On Monday, Oct. 29, 2012, Superstorm Sandy made landfall in New Jersey and New York, swelling oceans and rivers until water had no choice but to flood land. The water crossed every barrier, and its effects knew no class. Immigrant communities from places such as Brighton Beach and Canarsie in Brooklyn were hit hard, but so were residents in some of the wealthiest neighborhoods in the world, like Tribeca and SoHo in Manhattan.
The electrical grid went down in several places, and for a few weeks much of the Northeast was united by darkness.
But unity was not a characteristic of the storm’s aftermath.
For many people who didn’t have tens of thousands of dollars sitting in their bank accounts in case of disaster, the effects of Superstorm Sandy linger. When the water finally receded, it revealed a case study in how close to the edge of destruction many Americans are. For people living paycheck to paycheck, Sandy proved that one flooded apartment or business could lead to months of misery.
From the Jersey Shore to eastern Staten Island to the Rockaways in Queens, people are still struggling to gain back things they never thought they’d have to worry about losing — a daily routine, a livelihood, a home.
On Jan. 29, President Barack Obama signed a bill that gave states affected by Sandy over $50 billion to recover. But it’s unclear where all that money went.
Some say if it had been spent effectively and transparently, people who needed to rely on the government to rebuild their lives would have rebuilt them by now. DeCellio might not be postponing retirement, businesses in Staten Island would be thriving again, and 300 residents of the Rockaways and other coastal areas in Brooklyn would be living in homes, not in hotels as they are now.
Instead, thousands are stuck waiting for slow-moving government agencies and nonprofits to decide their futures.
In places like New Dorp Lane on the eastern shore of Staten Island, there’s not much destruction to be found. Construction crews have cleaned up and left. But beyond the veneer of a return to normality, pain from Sandy still reigns.
It’s present in the bank accounts of people like Dominick Griffo, who owns Griff’s Place, a sports bar on the island. It’s thriving, but Griffo is deep in debt after insurance covered just a fraction of the storm-related repairs the bar needed.
The pain is present inside the walls of housing projects in New Jersey, where residents are suing Gov. Chris Christie’s administration to find out why they were rejected for state funds to rebuild.
And it’s present in places that Sandy barely touched, including the Kings Hotel in a section of Brooklyn that’s about as far from the shore as one can get in New York City.
That’s where a dozen or so families who lost their homes during Sandy are still living, waiting on money to find permanent housing. The families at the Kings Hotel were placed there by the city, along with 300 other families who were placed in hotels across the five boroughs.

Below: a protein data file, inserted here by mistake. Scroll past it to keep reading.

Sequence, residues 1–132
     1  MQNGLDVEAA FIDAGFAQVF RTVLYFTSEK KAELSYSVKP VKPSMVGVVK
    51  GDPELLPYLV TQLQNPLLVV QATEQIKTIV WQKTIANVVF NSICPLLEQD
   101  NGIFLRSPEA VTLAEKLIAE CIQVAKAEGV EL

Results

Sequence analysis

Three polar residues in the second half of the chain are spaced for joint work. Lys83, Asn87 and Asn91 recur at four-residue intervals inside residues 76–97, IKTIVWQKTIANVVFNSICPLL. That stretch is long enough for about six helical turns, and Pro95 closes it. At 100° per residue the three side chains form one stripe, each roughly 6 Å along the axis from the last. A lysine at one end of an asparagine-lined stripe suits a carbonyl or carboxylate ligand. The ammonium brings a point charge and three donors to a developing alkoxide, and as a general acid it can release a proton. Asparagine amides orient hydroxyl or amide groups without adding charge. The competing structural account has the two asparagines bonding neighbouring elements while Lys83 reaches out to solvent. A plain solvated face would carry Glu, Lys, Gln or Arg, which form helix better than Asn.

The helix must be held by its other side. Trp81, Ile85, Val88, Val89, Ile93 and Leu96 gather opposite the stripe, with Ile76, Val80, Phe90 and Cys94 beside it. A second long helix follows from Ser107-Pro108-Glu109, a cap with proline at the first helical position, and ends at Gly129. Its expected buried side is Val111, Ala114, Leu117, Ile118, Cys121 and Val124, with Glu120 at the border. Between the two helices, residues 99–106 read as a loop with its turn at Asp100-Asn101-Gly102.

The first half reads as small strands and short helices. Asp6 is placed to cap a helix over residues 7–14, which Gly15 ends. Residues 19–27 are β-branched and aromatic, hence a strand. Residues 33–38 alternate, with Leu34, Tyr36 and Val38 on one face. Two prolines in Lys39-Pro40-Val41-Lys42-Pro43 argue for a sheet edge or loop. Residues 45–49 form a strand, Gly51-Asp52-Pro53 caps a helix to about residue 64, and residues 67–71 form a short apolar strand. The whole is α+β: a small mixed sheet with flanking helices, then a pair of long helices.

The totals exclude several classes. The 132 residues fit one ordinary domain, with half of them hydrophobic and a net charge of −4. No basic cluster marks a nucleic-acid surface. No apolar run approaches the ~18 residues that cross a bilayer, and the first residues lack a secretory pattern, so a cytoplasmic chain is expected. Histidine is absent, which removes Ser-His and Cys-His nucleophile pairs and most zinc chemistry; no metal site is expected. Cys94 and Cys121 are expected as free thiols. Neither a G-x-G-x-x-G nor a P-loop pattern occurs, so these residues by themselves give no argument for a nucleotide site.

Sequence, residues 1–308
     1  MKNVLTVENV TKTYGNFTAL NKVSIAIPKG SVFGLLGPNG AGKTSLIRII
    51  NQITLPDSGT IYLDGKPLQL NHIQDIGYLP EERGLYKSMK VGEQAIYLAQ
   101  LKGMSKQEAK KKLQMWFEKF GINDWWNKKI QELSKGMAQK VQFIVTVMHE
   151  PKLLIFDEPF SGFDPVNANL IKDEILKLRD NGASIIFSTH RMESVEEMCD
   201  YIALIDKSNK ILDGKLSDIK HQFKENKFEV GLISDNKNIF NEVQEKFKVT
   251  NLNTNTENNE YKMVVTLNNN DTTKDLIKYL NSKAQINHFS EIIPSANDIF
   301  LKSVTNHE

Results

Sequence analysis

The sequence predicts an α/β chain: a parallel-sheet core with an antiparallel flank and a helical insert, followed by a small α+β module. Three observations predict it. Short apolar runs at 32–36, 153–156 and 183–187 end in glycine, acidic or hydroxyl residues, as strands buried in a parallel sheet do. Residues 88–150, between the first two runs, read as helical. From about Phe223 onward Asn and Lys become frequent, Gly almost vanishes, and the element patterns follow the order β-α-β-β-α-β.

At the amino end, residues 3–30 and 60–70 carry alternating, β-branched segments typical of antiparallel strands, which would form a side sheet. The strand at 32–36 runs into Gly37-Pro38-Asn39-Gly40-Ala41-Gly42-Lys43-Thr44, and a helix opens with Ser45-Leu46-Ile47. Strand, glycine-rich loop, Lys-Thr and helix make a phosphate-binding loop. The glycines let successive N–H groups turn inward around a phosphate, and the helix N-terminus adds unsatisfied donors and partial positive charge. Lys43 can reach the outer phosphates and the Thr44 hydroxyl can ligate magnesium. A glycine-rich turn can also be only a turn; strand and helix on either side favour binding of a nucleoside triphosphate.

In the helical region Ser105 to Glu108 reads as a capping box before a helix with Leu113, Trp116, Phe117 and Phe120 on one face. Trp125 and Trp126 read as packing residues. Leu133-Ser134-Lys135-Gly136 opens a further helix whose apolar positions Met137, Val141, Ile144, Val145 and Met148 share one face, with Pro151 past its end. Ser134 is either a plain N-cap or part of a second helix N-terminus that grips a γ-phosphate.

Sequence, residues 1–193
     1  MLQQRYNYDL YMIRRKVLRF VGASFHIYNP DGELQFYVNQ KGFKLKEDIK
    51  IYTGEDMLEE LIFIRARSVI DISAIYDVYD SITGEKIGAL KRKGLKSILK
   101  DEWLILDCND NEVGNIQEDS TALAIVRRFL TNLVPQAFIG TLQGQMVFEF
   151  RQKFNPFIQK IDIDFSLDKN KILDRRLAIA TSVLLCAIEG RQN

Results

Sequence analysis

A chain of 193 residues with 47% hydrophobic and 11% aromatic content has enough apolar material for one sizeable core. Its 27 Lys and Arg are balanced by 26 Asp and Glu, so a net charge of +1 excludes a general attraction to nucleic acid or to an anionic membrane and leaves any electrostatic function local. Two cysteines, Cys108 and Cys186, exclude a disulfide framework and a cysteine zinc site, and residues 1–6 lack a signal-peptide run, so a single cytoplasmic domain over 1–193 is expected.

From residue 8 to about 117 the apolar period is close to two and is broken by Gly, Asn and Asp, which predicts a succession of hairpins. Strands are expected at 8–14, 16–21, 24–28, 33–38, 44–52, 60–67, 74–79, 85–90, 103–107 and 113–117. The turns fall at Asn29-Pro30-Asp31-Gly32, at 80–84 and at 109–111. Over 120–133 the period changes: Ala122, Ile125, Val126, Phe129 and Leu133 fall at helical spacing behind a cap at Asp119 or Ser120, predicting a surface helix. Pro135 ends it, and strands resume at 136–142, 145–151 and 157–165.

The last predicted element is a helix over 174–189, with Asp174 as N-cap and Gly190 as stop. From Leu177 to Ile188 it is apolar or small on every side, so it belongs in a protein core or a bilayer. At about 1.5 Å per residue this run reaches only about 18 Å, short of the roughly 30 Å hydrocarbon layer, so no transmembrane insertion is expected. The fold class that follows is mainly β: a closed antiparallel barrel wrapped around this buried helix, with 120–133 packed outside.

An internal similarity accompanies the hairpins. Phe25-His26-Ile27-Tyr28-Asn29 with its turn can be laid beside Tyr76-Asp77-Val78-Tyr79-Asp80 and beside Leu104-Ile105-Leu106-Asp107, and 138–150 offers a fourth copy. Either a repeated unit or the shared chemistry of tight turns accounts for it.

In late September, nearly 11 months after Sandy hit, New York City’s Office of Housing Recovery Operations announced it would stop paying for the hotel rooms. The city said that after spending $73 million on the program, funds had run out.
The Red Cross and other charities immediately stepped in with more than $1 million, but they left the residents of the Kings Hotel out of that plan because they said many of the families staying there did not have concrete plans to find permanent housing, according to Peter Gudaitis of New York Disaster Interfaith Services.
Now the residents of the Kings Hotel are effectively squatting, in rooms that have no televisions, couches, refrigerators or stoves.
The Office of Housing Recovery Operations did not return calls but sent an email statement that read, in part, “Interim housing, along with intensive case management services, was provided but was never intended to be a permanent solution.”
Wanda Wilson, who has lived at the Kings Hotel since June, never intended for her current situation to be permanent either.
“I've been fighting ever since I got here to get out,” she said. “I feel like we’re imprisoned.”
Wanda Wilson in her Kings Hotel room. Katie Orlinsky for Al Jazeera America
Wilson, 29, was living in a first-floor apartment near the water in Brooklyn’s Coney Island when Sandy arrived.
When the storm water crept past her windowsill, she and her husband grabbed their two children and ran up to the second-floor hallway. They spent the night watching water overtake the first floor of the apartment building and destroy all their belongings, including the identification and paperwork Wilson would later realize she needed to get assistance from the city.
The storm also destroyed the day-care center where she worked, leaving her jobless.
Since then, she’s been living in different hotels with her 15-month-old son and 5-year-old daughter. In June she was transferred to the Kings Hotel, which is next to an overpass and adjacent to a shelter for mentally ill men who, Wilson said, harass hotel residents daily.
At the Kings Hotel, her family shares a carpeted room on the third floor with enough space for two full-size beds adorned with City of New York blankets and not much else. She spends her days filling out paperwork from nonprofits and city agencies, attempting to get money for an apartment.